Add additional router

I'm thinking of adding an additional router to my cable router for my Hubitat hub. This add on has 300Mpbs speed.
Does anyone foresee any problems? If not how do I switch the IP address and does it have to be static?

GL.iNet GL-MT300N-V2(Mango) Portable Mini Travel Wireless Pocket VPN Router - WiFi Router/Access Point/Extender/WDS | OpenWrt | 2 x Ethernet Ports | OpenVPN/Wireguard VPN | USB 2.0 Port | 128MB RAM

What is your use for the additional router? If you just need additional ports so you can plug in your Hubitat hub, a network switch is the easiest option.


As @bertabcd1234 said, it depends what you're trying to accomplish. It's hard to tell from the OP.

Adding a second router (as opposed to a switch or wireless access point) into your home network could potentially cause problems and it's best to avoid that unless you have a specific use case in mind and a good working knowledge of IP networks.


I'm having trouble with my cable router. I can login but can't access my lan client list. So I thought I'd put the hub on a another router and use a static IP so if this one gets replaced it still setup. Just have to plug it in. But thinking it over, six of one half a dozen of the other. Does the hub require a static IP?

It’s one of those “no, but most people probably recommend it”.

Static IP has a specific meaning when it comes to configuring IP networks, and for the purpose of this conversation it's probably not worth going into too much detail about.

The hub doesn't require a static IP address unless a specific user's LAN is configured in such a way as to require that, and those users know who they are.

But it can benefit from having an IP address that doesn't change. For most of us with networks at home, IP addresses are assigned by a DHCP server, which happens to exist within the router (although it doesn't absolutely have to). So most of us use DHCP reservations to give the hub an IP address that doesn't change.

It doesn't sound like you can accomplish what you're hoping to by purchasing that router, although I'm still not 100% sure I follow what you're planning to do with the router provided by your cable company.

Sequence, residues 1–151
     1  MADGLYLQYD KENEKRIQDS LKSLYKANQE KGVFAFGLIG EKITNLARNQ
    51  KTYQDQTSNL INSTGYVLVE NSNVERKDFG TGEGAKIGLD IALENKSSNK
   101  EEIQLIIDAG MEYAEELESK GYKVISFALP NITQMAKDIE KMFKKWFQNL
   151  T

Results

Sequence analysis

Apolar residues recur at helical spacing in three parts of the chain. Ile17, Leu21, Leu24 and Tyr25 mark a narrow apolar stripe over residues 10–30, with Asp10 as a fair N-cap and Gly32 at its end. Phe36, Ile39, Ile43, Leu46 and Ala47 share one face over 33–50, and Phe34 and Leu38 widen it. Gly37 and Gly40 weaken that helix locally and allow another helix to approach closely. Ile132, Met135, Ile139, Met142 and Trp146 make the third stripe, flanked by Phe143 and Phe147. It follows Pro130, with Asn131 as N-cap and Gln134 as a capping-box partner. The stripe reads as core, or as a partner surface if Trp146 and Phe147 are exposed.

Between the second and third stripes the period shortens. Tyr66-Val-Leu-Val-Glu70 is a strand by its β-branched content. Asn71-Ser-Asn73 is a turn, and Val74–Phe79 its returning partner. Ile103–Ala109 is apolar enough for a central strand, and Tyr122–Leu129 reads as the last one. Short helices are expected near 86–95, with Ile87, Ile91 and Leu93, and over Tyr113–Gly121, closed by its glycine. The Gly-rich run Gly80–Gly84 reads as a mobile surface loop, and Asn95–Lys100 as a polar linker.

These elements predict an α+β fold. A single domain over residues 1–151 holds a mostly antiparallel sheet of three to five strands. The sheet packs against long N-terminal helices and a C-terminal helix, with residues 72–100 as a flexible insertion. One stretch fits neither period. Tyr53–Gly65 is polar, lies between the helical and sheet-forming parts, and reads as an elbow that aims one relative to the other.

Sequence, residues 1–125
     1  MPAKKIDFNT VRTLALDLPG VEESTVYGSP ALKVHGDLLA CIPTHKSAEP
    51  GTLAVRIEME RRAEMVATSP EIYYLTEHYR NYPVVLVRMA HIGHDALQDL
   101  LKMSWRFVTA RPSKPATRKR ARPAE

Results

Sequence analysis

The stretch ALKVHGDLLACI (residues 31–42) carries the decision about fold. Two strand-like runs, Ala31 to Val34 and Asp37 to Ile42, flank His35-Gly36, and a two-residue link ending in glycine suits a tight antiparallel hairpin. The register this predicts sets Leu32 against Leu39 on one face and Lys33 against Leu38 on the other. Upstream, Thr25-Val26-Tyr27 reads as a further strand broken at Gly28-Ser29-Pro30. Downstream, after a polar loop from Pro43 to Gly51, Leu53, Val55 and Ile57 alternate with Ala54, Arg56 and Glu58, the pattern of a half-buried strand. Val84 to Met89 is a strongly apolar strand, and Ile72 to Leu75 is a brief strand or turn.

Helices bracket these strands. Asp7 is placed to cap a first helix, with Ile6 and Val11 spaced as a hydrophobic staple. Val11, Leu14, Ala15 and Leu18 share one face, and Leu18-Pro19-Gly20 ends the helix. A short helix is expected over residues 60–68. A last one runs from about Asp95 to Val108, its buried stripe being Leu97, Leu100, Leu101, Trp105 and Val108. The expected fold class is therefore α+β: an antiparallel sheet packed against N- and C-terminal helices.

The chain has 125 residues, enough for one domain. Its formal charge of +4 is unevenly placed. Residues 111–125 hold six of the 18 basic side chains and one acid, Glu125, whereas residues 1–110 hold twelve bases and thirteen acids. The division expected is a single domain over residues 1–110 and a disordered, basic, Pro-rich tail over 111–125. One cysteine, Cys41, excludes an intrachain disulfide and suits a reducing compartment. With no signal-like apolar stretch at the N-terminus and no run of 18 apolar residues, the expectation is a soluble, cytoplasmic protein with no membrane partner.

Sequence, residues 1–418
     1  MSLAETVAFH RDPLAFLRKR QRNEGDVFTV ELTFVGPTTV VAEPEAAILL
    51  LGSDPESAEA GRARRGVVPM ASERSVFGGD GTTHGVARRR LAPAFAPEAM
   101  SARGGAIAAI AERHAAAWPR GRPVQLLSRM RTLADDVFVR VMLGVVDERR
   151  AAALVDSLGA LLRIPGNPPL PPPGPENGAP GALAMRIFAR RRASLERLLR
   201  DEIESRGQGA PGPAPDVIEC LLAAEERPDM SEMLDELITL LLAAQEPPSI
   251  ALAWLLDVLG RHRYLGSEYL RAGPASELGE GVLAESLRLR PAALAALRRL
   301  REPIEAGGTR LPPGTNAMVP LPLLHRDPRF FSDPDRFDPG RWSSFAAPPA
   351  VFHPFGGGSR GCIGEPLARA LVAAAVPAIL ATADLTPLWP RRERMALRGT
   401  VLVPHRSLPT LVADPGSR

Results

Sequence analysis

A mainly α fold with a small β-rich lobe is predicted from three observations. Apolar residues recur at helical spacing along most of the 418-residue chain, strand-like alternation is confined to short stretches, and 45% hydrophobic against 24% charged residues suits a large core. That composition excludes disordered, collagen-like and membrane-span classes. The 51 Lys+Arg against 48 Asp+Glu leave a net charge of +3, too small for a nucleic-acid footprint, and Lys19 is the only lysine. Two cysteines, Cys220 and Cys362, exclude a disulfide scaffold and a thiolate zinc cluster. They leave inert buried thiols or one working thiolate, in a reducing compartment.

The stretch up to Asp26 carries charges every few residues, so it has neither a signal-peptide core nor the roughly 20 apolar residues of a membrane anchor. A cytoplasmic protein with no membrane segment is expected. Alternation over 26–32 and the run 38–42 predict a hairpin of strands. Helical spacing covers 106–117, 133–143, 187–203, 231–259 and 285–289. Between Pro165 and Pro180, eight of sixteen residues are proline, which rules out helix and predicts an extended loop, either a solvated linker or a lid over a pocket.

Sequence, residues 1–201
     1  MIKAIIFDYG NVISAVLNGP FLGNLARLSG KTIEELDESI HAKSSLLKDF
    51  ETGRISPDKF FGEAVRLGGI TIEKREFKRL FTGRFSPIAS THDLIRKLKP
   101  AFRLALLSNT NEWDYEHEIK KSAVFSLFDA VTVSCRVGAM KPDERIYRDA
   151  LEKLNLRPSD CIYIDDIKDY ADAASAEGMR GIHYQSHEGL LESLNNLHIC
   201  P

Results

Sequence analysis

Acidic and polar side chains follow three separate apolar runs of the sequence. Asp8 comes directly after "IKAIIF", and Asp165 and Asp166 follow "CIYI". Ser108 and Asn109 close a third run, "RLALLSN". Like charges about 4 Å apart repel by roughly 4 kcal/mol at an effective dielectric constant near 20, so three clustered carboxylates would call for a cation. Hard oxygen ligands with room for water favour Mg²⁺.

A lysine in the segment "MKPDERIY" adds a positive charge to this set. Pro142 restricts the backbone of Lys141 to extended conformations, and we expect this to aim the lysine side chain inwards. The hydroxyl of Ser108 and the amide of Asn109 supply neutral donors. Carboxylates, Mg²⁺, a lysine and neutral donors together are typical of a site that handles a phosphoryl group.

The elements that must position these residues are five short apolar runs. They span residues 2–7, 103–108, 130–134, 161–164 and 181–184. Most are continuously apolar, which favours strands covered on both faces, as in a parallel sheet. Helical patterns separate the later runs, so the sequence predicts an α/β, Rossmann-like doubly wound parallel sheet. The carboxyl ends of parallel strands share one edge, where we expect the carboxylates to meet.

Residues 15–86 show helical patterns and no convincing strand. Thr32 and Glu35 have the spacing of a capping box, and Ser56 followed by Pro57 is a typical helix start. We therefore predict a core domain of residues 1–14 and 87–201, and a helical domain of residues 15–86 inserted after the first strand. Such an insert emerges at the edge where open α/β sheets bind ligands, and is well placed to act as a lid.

You intend to get the cable company router replaced with a new one that they provide?

If you're thinking of buying your own router, have you considered taking the cable company-provided router out of the mix entirely?


I now have the hub on a static IP. It seems the cable company routers last about 15 months. This is the 4th one. I have a backup file to upload to a new cable router. Tell you the truth I'm not sure what I'm thinking. I should just get the cable company to replace it.
I have a lot going on and don't seem to be thinking clearly.
Thanks for your help!

If you have a separate cable modem, in addition to the router, then consider doing away with the router entirely.

If it's a combined modem/router, also known as a gateway, you're probably pretty much stuck with it.

FWIW, I'm going to guess that you do not have a static IP address assigned to your hub, but rather a DHCP reservation. As I mentioned, "static IP" does not actually mean, "the device's IP address doesn't change." Even though that's, in general, what the word "static" implies.

Here's a brief explanation of how static IPs and DHCP reservations differ:

Yes I assigned it a static IP. That's easy to accomplish.

I take it back, you may have used the hub's settings page to set a static IP address.

However what you should do to avoid possible problems is to set a DHCP reservation from your router's settings interface.